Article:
ECB’s de Guindos: Need ‘Some More Time’ to Get Necessary Information

14 February 2024

By David Barwick – SPLIT, Croatia (Econostream) – European Central Bank Vice President Luis de Guindos on Wednesday said that the ECB required additional time to obtain the data needed to give it confidence about the sustainable restoration of price stability.

In a speech at the annual conference of Mediterranean central banks, de Guindos said, ‘While we are heading in the right direction, we must not get ahead of ourselves. It will take some more time before we have the necessary information to confirm that inflation is sustainably returning to our 2% target.’

The ECB will therefore continue to be data-driven, he said.

‘The next few months will be especially rich in new information on drivers of underlying inflation as we receive data on latest wage settlements and price re-setting by firms’, he said. ‘We will also have the benefit of new projections in March. In any case, our future decisions will ensure that our policy rates will be set at sufficiently restrictive levels for as long as necessary.’

The medium-term outlook of the December set of forecasts had been ‘broadly confirmed’ by the latest data, with economic softness likely to continue in the short term but indications of recovery thereafter.

According to incoming information, ‘the disinflationary process is continuing’, he said. ‘We also expect inflation to ease further over the course of this year amid the fading impact of past energy shocks, supply bottlenecks and the post-pandemic reopening of the economy, and as tight financing conditions continue to weigh on demand.’

Both market- and survey-based indicators corroborated this, he said.

De Guindos observed that while the ECB’s inflation projections were subject to smaller errors, the fact that inflation now tended to undershoot forecasts underscored the uncertainty estimates were subject to.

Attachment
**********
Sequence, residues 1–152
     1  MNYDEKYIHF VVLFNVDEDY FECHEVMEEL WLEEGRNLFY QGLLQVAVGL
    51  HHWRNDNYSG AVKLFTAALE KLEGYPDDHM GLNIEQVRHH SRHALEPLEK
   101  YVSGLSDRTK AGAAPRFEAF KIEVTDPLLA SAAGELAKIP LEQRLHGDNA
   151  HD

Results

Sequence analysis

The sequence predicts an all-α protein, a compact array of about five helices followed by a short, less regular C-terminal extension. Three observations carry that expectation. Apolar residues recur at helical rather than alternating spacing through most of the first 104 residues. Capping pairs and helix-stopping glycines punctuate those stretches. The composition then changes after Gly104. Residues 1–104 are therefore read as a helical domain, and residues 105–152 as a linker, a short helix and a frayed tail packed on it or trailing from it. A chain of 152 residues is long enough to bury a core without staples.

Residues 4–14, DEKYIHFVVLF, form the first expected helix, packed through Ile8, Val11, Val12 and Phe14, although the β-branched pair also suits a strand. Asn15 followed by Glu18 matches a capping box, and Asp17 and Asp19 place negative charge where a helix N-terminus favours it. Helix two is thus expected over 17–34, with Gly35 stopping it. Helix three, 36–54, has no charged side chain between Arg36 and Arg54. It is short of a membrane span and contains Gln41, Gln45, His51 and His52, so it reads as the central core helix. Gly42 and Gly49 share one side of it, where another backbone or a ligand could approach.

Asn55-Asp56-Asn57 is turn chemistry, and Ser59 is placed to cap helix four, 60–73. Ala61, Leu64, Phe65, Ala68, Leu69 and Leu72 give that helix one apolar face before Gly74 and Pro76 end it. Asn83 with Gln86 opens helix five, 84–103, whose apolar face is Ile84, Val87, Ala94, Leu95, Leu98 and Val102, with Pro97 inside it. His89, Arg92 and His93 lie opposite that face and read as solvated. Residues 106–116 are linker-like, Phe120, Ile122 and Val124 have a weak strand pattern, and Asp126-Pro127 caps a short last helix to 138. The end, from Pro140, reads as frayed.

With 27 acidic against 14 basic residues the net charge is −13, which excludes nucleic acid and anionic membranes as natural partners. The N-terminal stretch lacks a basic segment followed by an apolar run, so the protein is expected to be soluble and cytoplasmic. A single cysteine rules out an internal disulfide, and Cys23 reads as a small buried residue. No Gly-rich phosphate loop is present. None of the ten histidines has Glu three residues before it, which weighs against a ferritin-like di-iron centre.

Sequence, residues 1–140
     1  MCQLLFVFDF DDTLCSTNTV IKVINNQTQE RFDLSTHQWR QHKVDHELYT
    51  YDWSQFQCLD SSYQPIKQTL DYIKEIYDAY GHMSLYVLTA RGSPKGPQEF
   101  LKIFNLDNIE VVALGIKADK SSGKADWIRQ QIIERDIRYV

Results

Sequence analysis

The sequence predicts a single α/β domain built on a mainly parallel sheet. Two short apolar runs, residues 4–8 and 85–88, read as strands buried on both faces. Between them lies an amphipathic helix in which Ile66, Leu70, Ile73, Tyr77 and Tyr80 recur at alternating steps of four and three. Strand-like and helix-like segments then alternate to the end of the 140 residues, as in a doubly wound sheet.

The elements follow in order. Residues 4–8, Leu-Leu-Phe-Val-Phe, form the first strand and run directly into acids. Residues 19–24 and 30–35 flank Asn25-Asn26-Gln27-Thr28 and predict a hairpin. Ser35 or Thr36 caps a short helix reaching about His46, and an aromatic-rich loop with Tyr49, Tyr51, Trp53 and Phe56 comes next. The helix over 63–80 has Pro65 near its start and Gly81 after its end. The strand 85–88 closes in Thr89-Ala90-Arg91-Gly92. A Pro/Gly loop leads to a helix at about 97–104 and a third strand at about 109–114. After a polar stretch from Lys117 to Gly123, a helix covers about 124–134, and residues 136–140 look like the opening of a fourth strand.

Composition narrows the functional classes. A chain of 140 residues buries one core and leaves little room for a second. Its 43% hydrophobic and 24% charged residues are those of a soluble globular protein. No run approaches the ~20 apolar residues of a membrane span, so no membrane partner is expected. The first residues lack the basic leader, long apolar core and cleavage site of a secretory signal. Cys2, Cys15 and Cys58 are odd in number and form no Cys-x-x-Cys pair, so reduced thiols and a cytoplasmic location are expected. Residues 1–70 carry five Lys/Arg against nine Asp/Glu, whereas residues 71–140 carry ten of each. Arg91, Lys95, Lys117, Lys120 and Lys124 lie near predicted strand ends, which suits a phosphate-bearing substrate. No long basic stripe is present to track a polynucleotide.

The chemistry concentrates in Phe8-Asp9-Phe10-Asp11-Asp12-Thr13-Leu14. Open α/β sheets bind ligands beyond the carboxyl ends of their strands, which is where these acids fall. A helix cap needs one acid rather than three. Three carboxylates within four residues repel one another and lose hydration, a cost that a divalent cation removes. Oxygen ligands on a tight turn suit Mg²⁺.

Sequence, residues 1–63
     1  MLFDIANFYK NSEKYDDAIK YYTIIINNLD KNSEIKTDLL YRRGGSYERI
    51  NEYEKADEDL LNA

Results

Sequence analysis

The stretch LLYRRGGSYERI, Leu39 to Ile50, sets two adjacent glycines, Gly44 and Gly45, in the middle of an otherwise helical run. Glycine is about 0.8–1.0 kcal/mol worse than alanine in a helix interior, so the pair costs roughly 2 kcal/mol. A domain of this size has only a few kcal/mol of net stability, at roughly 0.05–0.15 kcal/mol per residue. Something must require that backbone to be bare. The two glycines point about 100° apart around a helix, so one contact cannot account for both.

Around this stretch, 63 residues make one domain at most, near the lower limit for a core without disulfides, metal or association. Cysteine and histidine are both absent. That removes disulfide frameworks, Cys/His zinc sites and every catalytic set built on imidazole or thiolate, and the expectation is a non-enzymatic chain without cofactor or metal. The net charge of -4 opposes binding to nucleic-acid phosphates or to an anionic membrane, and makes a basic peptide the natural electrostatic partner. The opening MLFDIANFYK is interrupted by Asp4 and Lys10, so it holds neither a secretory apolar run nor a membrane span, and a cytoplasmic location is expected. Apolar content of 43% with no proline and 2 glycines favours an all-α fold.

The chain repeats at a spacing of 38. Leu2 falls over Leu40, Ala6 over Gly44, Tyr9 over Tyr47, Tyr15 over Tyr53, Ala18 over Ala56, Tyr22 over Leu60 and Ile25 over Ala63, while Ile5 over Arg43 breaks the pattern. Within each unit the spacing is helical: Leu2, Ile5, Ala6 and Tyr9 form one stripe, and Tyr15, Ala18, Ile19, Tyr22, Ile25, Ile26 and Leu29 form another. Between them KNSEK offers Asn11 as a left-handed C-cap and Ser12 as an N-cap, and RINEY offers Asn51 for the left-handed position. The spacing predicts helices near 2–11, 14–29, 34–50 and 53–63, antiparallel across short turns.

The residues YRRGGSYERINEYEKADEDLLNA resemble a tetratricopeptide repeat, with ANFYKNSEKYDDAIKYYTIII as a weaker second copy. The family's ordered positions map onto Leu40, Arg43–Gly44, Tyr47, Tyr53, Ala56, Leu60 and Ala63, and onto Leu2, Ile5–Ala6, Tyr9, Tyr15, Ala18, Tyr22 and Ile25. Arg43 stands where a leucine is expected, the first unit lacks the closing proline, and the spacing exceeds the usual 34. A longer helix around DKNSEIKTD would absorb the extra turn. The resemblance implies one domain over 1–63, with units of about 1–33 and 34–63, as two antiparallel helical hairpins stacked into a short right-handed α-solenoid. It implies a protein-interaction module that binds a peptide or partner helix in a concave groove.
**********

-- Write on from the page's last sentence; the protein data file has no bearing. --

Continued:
As for underlying inflation, nearly all indicators were continuing to decrease, he said. ‘This confirms that the disinflationary process is under way’, he said. ‘Some of the measures are still high, however, as it takes time for the impact of past shocks to fully fade.’

The domestic component of inflation, though moderating, was still elevated, partly due to high wage growth in the context of low unemployment, he said. Still, the pass-through of increased unit labour costs was being mitigated by lower unit profits, he said.

The ECB’s policy moved to date ‘continue to be transmitted forcefully into financing conditions’, he said, noting weaker credit and tight bank lending conditions.

‘Tighter financing conditions are also making their way through the economy by dampening demand, helping to push down inflation’, he said. ‘And given the typical lags in monetary transmission, much of the economic impact of our past policy rate hikes will continue to materialise over time.’

Even though inflation was headed in the right direction, developments were subject to risks, he said.

‘On the upside, wage pressures remain high and we do not yet have sufficient data to confirm they are starting to ease’, he said. ‘Profit margins could also prove more resilient than anticipated.’

Moreover, geopolitical tensions could lead to higher energy prices and negatively impact global trade.